Day three of Siggraph 2016 and as usual it was tough to decide where to go. The crowds in Anaheim have traditionally seemed smaller than when the show is in downtown Los Angeles, but this year we are not so sure that it is smaller. Some sessions were at capacity and even overflow lines outside. The exhibit floor also seemed to have steady traffic with lots of VR vendors as well as the big visual effects players, the job fair and of course the emerging tech displays.  One thing we noted on the floor of this show was the appearance of players like Google VR, Amazon and Microsoft.

Kubo and the Two Strings: One Giant Skeleton, One Colossal Undertaking

The team from LAIKA: Mitch Prater, Eric Wachtman, Steve Switaj, Steve Emerson (L to R)
The team from LAIKA: Mitch Prater, Eric Wachtman, Steve Switaj, Steve Emerson (L to R)


Steve Emerson, VFX Supervisor
Steve Switaj, Engineer, Camera and Motion Control
Mitch Prater, Principal Software Engineer
Eric Wachtman, CG Look Development Lead


LAIKA’s next feature, Kubo and the Two Strings, is still to premiere in the United States on August 19th but attendees got a sneak peek of the film during a production session. The session primarily focused on the Giant Skeleton character, which is the largest stop-motion puppet ever built.

The Giant Skeleton was shot in two scales. The full-scale one, which was the focus of the session, is the largest stop-motion puppet ever built, weighing 400 lbs. and standing at 16 feet from head to toe with a 23-foot wingspan. The lower half and upper half had to be filmed separately, with most shots capturing the upper body/torso. For some scenes, a one-sixth-scaled Skeleton was used; standing just over 2.5 feet tall, this is also among the largest stop-motion puppets ever made.

At full scale traditional armature is very hard to do and the fact that the skeleton is an “open” puppet makes it difficult (if not impossible) to hide the rigging internally. Furthermore, it would simply be too much cleanup in post to have an internal armature. Also, due to the scale, LAIKA’s traditional rapid prototyping could not be used.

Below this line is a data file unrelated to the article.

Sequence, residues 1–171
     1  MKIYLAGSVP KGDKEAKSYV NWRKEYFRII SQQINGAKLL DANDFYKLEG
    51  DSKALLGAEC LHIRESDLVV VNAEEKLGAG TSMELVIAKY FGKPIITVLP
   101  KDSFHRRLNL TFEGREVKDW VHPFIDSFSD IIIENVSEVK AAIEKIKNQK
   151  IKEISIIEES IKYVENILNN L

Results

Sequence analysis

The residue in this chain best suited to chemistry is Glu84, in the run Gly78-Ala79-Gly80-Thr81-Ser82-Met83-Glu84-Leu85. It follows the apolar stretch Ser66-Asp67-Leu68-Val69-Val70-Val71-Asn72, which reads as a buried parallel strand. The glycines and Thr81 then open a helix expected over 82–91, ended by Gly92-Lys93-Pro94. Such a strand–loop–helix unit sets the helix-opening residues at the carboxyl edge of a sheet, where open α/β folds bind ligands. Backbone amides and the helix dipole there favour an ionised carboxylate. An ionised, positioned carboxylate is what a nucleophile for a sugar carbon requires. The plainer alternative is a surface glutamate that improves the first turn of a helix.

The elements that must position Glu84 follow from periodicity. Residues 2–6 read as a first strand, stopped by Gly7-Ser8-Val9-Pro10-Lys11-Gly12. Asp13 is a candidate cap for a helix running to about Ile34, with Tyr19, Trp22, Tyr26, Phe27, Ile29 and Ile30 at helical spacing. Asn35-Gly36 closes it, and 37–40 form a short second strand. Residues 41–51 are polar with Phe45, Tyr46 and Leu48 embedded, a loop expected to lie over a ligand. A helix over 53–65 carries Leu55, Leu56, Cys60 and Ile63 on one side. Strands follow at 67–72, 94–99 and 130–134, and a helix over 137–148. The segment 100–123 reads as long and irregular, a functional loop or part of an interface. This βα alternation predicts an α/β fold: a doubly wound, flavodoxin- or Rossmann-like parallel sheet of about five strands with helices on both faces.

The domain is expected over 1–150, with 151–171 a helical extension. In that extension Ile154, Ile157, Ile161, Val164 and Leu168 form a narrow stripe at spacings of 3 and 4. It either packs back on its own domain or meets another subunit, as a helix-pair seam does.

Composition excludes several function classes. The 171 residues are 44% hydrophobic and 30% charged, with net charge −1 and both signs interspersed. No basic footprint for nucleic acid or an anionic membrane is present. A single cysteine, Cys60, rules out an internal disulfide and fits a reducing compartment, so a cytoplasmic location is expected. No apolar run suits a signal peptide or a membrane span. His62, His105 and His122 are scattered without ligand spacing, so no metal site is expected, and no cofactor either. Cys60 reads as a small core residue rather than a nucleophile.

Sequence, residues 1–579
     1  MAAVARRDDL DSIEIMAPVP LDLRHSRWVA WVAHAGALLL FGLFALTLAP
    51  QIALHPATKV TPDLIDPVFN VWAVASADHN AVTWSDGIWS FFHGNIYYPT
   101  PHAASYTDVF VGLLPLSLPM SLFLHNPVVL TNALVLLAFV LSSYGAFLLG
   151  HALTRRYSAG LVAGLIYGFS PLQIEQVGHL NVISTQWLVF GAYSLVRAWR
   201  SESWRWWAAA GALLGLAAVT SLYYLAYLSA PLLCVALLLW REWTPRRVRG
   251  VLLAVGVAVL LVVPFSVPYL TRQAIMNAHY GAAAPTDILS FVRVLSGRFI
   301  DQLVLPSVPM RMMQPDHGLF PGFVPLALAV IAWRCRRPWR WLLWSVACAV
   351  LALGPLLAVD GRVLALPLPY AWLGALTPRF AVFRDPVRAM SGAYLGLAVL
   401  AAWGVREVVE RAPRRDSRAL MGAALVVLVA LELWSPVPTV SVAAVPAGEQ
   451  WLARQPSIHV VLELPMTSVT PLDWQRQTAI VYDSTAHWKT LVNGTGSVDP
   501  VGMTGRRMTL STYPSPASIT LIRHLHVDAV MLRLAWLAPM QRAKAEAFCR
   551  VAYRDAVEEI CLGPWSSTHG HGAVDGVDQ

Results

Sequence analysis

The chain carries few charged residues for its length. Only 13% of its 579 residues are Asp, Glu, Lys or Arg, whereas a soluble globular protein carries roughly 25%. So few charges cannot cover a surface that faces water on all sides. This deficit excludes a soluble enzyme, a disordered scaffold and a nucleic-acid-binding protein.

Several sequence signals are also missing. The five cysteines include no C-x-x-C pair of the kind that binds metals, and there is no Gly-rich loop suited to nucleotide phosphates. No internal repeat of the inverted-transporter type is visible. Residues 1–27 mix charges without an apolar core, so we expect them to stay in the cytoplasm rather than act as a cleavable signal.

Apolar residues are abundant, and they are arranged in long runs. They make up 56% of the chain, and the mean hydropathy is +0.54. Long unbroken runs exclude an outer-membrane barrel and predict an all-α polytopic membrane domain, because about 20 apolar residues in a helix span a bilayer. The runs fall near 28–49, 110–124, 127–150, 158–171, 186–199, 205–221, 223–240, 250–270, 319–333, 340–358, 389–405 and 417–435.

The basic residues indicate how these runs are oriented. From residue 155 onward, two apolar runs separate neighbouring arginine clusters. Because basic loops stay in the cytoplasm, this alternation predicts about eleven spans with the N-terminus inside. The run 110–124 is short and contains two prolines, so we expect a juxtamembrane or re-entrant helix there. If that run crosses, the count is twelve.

During the design process of the puppet, the preferred software of the various departments creates a bit of a hitch in the workflow. The art department uses Z-brush and the rigging department uses Inventor. To go back and forth between the two departments (which is a natural part of the process), they actually need to run the files through an older version of Maya to translate from one app to another.

Once the design was done, the files were sent out to have the parts cut out in industrial cut high density foam. These foam pieces were painstakingly covered and painted to achieve the final look.

A smaller scale model of the Giant Skeleton.
A smaller scale version of the Giant Skeleton.

In order to animate the puppet on the X,Y, and Z axes, LAIKA’s Steve Switaj said that they first went in search of a “giant-ass robot” to move the skeleton. But it was the controllers on the robots that ended up being the primary reason they couldn’t use them: the controllers couldn’t interact with their pipeline. There were also other considerations, such as the requirement to install a concrete pad to anchor the robot…and that wasn’t going to happen on the stage.

The next solution explored was to use a Hexapod, which is a mid-sized motion-control table. It is a platform with three pairs of hydraulics that allow the platform to move in X,Y, and Z as well as pitch, roll, and yaw. This ended up being able to serve their purposes, so they built one over a span of 27 days.

The arms of the Giant Skeleton were incrementally driven via independent rigs, suspended from the ceiling and counter-weighted like an enormous marionette. Each of his hands weighed six pounds. The elbow locks of the Skeleton, made from automobile brake pads, had to be replaced three times over the course of the shoot.

Instead of the traditional ball joints for stop-motion puppets, the arms and head were secured with clusters of magnets to provide maximum range. 70 unique swords were made for the skull, and over 1,000 bones were used to make the armor for the torso.

Animating the Giant Skeleton was a different beast from LAIKA’s normal puppets. Normally, they are able to record three seconds of animation per week, per puppet. For this model, due to its size and the tedious nature of animating, they were able to record about one second of animation per week.

All in all, it took six months to build the skeleton with 49 seconds and 5 five frames worth of footage from it making it into the final film.

Beetle, Kubo, and Monkey.
Beetle, Kubo, and Monkey.

A couple of interesting points were made during the Q&A at the end of the presentation.